French workers' formula for not getting fried
Could a 1998 plan for a 35-hour week serve as a model for US?
Five million Frenchmen - and women - couldn't be wrong.
That's the view of some American workplace experts, now casting an eye across the Atlantic for confirmation that a shorter workweek - as mandated in 1998 by the Socialist-led government in Paris - can boost productivity and employee quality of life.
As unemployment in the United States inches up, observers also point to France's falling unemployment rate and surging gross domestic product.
With some 5 million French workers now punching out of the office after just 35 hours a week, unemployment in France has fallen to a still-high 9 percent - down from nearly 13 percent in 1997. GDP has moved past that of Germany, a perennial powerhouse.
Still, even in France, critics maintain that these facts don't represent cause and effect.
French labor unions buy into the government's argument that the short workweek triggered a chain reaction that led to corporate reorganization, additional hirings, and a stimulus to the French economy. The main employers' unions, however, have been quick to attribute the country's economic gains to a relatively strong world economy over the past year.
The new arrangement has fared better in the court of public opinion. According to a recent survey from the weekly L'Express, 68 percent of French workers say it improves their quality of life.
The government aims for 35-hour-week compliance in all sectors of the nation's workforce by 2002. Workers have staged strikes to demand faster implementation.
In the US, much attention has been paid to the "short" hours of President Bush, whose day is reported to start at 7 a.m. and end at 6:30 p.m. - earlier on Fridays. His administration also reportedly encourages staff to take vacation time they have earned.
But a bid to reduce the workweek of private firms is highly unlikely, experts say.
The last time such a shortening was implemented was the 1930s, says Benjamin Hunnicutt, a labor historian at the University of Iowa and a longtime advocate of slashing the workweek.
At the start of the Great Depression, says Professor Hunnicutt, W.K. Kellogg's voluntary six-hour day created 30 percent more jobs, winning strong support from businessmen and labor leaders.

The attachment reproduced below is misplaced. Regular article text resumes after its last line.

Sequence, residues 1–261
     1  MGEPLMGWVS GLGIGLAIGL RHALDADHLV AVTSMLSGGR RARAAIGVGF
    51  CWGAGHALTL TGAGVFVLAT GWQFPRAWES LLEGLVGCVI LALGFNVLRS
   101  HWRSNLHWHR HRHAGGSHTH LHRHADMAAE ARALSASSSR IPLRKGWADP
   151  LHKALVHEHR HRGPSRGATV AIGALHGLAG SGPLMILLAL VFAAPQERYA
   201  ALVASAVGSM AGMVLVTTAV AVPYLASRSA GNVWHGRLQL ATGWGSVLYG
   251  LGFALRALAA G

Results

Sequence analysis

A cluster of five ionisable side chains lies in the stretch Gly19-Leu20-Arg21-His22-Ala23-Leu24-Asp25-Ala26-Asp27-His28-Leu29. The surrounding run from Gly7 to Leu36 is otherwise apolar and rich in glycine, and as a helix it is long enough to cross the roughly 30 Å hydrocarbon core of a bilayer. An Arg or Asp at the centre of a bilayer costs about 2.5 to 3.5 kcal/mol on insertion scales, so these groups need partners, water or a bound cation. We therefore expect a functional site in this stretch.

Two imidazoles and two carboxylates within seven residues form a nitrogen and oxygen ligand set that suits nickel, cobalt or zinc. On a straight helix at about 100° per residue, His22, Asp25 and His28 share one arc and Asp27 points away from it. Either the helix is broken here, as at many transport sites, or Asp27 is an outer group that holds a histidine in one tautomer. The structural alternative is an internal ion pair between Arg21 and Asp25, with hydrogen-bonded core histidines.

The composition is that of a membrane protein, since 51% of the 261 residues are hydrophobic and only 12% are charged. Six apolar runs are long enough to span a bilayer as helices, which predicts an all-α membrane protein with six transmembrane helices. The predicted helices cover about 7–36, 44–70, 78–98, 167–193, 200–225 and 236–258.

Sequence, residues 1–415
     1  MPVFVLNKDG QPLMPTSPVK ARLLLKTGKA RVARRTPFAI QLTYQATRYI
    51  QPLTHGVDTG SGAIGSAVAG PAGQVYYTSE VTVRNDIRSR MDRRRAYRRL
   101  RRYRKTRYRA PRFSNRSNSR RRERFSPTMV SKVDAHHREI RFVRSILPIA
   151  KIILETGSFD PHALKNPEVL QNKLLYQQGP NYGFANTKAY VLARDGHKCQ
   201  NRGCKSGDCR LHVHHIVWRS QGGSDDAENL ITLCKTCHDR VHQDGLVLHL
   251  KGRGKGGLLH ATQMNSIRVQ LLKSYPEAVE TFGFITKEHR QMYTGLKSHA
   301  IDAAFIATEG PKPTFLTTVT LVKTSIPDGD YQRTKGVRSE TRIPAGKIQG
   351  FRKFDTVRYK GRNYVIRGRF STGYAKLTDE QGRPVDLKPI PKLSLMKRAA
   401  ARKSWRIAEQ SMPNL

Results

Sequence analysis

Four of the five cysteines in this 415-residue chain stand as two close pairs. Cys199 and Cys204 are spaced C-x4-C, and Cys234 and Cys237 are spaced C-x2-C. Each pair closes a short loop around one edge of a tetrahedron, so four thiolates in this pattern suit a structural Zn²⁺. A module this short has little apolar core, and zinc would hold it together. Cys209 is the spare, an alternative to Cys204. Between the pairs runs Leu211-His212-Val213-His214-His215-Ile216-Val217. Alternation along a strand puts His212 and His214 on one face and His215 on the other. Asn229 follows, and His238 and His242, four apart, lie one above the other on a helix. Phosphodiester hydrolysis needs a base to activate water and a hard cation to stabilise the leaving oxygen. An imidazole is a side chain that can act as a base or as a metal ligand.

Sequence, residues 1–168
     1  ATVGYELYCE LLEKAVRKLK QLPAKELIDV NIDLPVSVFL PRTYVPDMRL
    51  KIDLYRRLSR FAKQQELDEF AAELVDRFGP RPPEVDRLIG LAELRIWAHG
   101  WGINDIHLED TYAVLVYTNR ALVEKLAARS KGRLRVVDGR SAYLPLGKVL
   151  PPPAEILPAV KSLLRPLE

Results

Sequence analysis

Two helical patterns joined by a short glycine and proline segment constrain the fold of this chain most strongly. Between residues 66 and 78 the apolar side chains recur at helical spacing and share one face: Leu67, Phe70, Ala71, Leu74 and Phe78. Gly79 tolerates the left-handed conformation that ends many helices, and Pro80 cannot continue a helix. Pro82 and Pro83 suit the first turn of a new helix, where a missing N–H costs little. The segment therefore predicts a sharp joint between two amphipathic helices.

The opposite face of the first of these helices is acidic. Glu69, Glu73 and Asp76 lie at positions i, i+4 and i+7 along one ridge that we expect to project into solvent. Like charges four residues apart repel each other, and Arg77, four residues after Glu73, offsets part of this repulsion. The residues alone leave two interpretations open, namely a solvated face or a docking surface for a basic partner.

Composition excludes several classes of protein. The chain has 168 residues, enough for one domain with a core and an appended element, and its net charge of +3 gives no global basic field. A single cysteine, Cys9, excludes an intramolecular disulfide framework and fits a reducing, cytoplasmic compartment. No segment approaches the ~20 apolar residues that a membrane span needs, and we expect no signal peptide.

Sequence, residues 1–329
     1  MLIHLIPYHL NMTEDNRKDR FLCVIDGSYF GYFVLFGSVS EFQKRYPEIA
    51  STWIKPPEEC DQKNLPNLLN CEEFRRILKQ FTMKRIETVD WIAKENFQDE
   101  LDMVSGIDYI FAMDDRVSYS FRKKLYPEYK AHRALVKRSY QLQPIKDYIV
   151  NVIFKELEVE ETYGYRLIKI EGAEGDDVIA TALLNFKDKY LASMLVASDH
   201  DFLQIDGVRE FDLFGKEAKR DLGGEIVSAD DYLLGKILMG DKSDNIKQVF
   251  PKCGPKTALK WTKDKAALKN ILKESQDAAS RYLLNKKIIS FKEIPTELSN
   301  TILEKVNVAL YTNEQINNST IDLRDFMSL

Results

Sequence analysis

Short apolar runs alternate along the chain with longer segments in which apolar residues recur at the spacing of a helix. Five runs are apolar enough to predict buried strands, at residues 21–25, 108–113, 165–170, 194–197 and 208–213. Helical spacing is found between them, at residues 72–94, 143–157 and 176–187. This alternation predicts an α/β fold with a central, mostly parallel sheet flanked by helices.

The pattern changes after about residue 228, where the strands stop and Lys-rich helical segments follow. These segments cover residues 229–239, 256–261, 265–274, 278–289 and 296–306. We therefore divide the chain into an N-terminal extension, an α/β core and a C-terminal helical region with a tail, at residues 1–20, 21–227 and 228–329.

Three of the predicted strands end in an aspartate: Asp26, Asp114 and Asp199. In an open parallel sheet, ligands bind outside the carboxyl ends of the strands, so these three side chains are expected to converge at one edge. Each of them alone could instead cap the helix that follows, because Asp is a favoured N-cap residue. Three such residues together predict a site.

Today, with historically low unemployment, people's concerns are different. The bigger issue: the rise of a culture that sacrifices too much for monetary gains and career advancement, especially when layoffs put a premium on performance.
"Despite the slowing down of the economy, there is a great desire from people for the ability to have a life outside work, especially for those in their 30s or 40s," says David Allen, management consultant at David Allen & Co. in Ojai, Calif.
That conflict between work and family "is endemic to the labor market," says David Maume, a sociologist at the University of Cincinnati. He argues that an enforced French-type, 35-hour workweek might be possible in the US in the next 20 years because of pressure to prioritize family time.
That would mean reversing a trend. The US is the only country among major industrial powers where people work more than they did 20 years ago, says Rick Fantasia, professor of sociology at Smith College, in Northampton, Mass.
As for annual vacation days, the US, with 13 days, lags behind most European countries. The French take an average of 37 days per year.
Experts question whether even a prolonged recession could trigger a move like the one by Kellogg's some 70 years ago.
"It's not an economic problem, it's a cultural one," says Hunnicutt. "We expect work to be an end in itself rather than a means to an end. Work has become like a modern religion."
(c) Copyright 2001. The Christian Science Monitor